I'm a Sherlockian...
I’m a busy person, but I enjoy reading about Sherlock Holmes. (If I'm British, I call myself a Holmesian [HOLMS-ee-an or hole-ME-see-an], Americans call ourselves Sherlockians [shur-LOCK-ee-ans].)
I belong to at least one club that gets together to have dinner and talk about the consulting detective we call The Master. I collect Sherlockian items: maybe just a few things I got as presents because people know I like Sherlock Holmes or maybe I have a room (or more than one!) devoted to books and Sherlockian memorabilia.
I’ve read almost all the Canon and I have some favorites. I’m a bit of a specialist on some aspect of the stories – just by reading Arthur Conan Doyle I know quite a bit about the Victorian era. I’ve probably given a couple of talks about Sherlock Holmes and I may even have written a poem or a toast for a meeting.
I like introducing people to the Sherlock Holmes stories.
As a Sherlock Holmes fan, you’ll find information here to get you started. Read some suggestions and try out the links on this page:
- Get your adult book club to read The Hound of the Baskervilles. Encourage members to pass the novel along to the young people in the household afterward.
- Go around having fun with your scion. Publicize the interesting and amusing things you do. Invite young people to come along.
- Offer to read a Sherlock Holmes story to a young audience at a local bookstore or library (in costume or not). Because they were originally written for the Strand magazine, the stories are very similar in length. It typically takes 45 minutes to an hour to read a Sherlock Holmes story aloud.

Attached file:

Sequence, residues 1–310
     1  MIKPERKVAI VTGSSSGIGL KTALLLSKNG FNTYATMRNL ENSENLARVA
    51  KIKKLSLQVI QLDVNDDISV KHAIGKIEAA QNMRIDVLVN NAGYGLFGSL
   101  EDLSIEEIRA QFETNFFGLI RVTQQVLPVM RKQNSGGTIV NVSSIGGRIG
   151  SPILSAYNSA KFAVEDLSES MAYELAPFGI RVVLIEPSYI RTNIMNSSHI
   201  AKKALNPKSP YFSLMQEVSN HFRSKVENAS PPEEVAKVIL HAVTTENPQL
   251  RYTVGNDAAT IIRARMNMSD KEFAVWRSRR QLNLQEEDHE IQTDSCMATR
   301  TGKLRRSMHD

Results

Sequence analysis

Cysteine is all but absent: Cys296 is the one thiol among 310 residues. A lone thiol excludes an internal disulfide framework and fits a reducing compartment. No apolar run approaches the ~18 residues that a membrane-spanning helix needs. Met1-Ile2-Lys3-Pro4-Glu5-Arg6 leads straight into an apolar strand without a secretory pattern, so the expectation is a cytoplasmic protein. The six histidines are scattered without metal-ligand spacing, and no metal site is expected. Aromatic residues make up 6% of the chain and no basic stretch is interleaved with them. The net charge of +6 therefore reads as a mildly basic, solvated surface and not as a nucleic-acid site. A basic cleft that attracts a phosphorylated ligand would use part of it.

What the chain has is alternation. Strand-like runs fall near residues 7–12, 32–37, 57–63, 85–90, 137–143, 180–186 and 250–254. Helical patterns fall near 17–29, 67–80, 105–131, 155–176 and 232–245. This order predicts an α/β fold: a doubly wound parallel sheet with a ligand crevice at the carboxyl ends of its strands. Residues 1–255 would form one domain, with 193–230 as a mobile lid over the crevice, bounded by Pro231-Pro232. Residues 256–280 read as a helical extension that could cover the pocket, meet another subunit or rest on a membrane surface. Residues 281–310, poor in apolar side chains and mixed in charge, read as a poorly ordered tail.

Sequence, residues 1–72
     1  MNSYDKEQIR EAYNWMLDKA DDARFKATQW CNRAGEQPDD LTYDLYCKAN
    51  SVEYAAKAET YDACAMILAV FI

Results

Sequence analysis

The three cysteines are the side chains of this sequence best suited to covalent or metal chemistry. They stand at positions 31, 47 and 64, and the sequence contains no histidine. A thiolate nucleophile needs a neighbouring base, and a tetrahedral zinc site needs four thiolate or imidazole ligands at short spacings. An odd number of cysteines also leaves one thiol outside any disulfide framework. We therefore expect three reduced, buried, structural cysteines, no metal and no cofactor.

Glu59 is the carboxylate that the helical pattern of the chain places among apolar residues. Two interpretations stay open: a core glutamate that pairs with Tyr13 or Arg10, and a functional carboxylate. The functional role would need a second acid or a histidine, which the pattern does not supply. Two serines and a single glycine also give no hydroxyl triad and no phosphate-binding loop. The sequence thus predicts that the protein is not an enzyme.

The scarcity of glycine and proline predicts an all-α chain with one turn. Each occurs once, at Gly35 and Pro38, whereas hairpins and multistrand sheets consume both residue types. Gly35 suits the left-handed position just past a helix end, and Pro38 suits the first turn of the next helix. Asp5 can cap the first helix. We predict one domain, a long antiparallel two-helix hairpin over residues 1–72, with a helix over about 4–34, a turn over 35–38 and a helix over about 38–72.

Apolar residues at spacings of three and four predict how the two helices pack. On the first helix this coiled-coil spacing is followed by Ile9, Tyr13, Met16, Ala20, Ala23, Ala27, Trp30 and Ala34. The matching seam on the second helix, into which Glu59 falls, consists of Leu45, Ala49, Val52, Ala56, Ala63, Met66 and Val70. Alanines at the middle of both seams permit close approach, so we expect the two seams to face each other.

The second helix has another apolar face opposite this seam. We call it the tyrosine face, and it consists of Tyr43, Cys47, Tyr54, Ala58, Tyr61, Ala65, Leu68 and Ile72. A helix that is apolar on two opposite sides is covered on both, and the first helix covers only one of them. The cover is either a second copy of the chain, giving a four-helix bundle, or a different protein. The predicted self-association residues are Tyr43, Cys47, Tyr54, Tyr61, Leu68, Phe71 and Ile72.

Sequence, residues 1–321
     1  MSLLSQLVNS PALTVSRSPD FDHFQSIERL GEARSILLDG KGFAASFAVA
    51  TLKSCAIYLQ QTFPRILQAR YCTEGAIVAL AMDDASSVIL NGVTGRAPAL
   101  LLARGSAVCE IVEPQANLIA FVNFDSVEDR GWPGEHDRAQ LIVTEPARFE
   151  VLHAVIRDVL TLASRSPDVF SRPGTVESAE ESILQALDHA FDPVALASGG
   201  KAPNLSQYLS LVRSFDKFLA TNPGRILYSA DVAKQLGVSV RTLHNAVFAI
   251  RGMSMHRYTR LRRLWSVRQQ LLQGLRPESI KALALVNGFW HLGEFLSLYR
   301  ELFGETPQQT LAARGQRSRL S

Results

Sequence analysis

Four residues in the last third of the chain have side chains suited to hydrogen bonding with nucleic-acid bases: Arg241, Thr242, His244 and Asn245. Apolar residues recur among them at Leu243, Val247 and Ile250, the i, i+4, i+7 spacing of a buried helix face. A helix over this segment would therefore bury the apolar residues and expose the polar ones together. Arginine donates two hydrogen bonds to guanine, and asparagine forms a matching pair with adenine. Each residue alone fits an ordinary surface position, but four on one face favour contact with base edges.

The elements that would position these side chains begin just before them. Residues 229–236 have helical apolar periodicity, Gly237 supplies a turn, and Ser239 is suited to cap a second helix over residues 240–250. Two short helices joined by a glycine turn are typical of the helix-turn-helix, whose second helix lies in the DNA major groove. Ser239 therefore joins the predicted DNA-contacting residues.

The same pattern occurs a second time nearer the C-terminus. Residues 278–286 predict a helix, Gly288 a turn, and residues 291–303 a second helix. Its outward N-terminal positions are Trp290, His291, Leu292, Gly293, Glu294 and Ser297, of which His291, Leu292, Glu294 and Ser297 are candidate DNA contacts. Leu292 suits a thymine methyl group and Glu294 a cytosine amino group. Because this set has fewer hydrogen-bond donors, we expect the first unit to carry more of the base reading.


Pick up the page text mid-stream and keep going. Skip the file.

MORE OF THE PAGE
- Take a Sherlock Holmes book to a family gathering and read to the kids. If anyone shares your interest, you'll know who should inherit your collection when you're beyond the Reichenbach!
- Get some friends and perform your own version of An Evening with Sherlock Holmes at a local library. Some Sherlockian groups enjoy doing staged readings (also called "Readers' Theater" or "Radio Plays") of stories adapted from the Canon. The late Bob Robinson wrote several scripts for the Hansom Wheels of South Carolina scion. (Note that some plays have extra characters to accommodate additional, usually female, readers.) Marino Alvarez has also done a short adaptation of The Red-headed League.
- Organize a Sherlockian Book Drive.
- Join a Sherlockian scion that likes to involve young people or volunteer to chair a youth project for your scion.
- Help your scion set up a Sherlock Holmes exhibit in your local library. Rotate it to other libraries in the district.
- Dress up as Sherlock Holmes and visit a school (bring a friend along as Watson or Irene Adler!)
What can I do to help the Beacon Society?
- Buy old Sherlock Holmes books at used book fairs and give them to young people you meet. Never underestimate the personal touch. Ultimately, this may be the most powerful method we have for spreading the word about Holmes.
- Look for projects for young people that might have a Sherlockian "hook" and volunteer to help.
- Help someone apply for a Jan Stauber Grant to help a project along.
- Nominate good Sherlockian teaching projects for a Beacon Award.
- Tell our Program Committee about your scion’s teaching activities so we can share them on the website.
- Buy a Beacon Society lapel pin.
- Donate to the Beacon Society.
Judith Freeman developed a wonderful paper on how to create or maintain a scion society... you ask, what is a scion society? Click here and and find out what thousands around the U.S. enjoy.